Shakira and her family arrived in Malaysia seven years ago as refugees from Afghanistan. She is one of some 180,000 refugees in Malaysia who have been forced to leave their countries because of war and human rights abuses. Like all refugees, it is unsafe for them to return. Malaysia has become a space of safety for Shakira and her family, but life is still a challenge for refugees in the country. Refugees have no legal status in the country as there are no laws that define what their rights are. They cannot work legally. Their children cannot go to regular school. Providing food and shelter for their families is a daily struggle. Many, like Shakira, gain an independent income through home-based work projects that enable them to provide for their family.
UNHCR and its partners
work hard to help refugees keep their families safe and healthy. They work to help refugees gain access to life-saving medical assistance that they otherwise cannot afford, or to give refugee children a chance at education by helping refugee schools stay open. Working with partners, UNHCR
also strengthens refugees’ ability to be self-reliant such as through courses and training to help them seek ways to earn an income and sustain themselves in the long-term.
Though Shakira’s story began with obstacles, she is now able to support her family and forge her own path to independence. And it begins with something that Malaysians and Afghans have in common - a love and passion for food! Read on to find out about her journey and how she’s adapted to life in Malaysia.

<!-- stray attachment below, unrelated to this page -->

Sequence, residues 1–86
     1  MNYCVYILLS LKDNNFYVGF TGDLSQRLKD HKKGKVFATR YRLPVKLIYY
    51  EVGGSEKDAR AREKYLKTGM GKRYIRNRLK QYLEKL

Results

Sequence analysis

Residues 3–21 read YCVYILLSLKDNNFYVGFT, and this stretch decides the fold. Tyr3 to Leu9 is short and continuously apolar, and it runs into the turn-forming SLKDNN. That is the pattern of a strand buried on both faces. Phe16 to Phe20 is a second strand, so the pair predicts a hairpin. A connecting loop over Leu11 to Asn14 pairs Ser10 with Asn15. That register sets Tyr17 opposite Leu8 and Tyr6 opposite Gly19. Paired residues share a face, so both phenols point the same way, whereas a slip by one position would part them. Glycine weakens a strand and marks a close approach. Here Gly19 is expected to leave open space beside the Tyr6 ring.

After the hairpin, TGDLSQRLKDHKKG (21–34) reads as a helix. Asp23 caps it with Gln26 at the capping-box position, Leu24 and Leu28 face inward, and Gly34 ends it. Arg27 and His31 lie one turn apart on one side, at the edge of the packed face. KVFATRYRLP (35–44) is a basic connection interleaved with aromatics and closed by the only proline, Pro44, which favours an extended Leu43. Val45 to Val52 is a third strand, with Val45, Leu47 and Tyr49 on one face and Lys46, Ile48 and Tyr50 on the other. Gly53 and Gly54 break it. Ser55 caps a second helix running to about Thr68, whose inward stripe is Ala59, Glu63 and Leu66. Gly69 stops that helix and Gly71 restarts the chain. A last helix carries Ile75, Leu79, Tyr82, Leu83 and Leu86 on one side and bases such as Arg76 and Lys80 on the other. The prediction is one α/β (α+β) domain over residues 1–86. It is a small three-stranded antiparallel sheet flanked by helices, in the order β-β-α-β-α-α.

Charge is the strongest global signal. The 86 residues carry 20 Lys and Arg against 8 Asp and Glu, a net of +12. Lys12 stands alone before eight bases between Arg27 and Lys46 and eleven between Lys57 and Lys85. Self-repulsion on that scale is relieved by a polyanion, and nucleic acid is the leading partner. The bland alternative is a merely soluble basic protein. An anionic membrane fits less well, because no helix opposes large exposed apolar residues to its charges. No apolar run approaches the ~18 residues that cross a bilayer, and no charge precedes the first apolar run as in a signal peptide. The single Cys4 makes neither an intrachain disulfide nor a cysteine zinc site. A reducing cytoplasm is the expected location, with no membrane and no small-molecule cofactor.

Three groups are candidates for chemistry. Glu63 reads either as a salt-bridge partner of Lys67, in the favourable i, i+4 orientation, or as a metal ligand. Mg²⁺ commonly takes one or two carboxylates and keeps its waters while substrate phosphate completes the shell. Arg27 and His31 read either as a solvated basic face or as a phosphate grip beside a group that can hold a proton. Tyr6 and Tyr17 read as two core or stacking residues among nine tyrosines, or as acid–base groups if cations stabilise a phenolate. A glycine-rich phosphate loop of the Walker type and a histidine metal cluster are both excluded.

Shakira’s story started out like many others in the country. Refugees often arrive with nothing but the clothes on their backs, and depend on help and support provided by UNHCR
to start their lives anew. For Shakira and her family (including 3 kids and her aged parents), their story began in Kuala Lumpur where they stayed in a hotel before eventually moving to Ampang.
Q: What was your family’s experience when you first arrived in Malaysia?
A: We stayed in a hotel at first. We were eating in restaurants, but my kids wanted to eat what they were used to. They couldn’t eat what was served in the restaurants here. The food was too oily and spicy for them. In Afghanistan, we boil the pasta, and then steam it with tomato sauce. Sometimes we use vegetables and beans, sometimes meat. My children love pasta. They could eat pasta every day, they never get tired of it.
Q: What is the significance of food in Afghan culture?
A: The Afghans like their stomachs, so we have many different dishes. Mantu (chicken dumplings) and Qhabeli Pilau are usually served during special occasions in Afghanistan. At home, we usually eat simpler dishes such as noodles in tomato broth, or Bolani (stuffed turnovers). I learnt to cook when I was nine, just like my mother did. Everyone knows how to cook in our community.
Ramadan is drawing closer, but for refugees such as Shakira, the holy month of Ramadan can hold mixed emotions. As Muslims around the world gather to fast and increase their acts of ibadah
(worship), refugees who are still lacking in a proper home or job may face greater hardships in fulfilling their duties to Allah.
Q: Ramadan is coming soon. How does your family spend or celebrate the holy month?
A: We believe that during Ramadan, God’s rahmat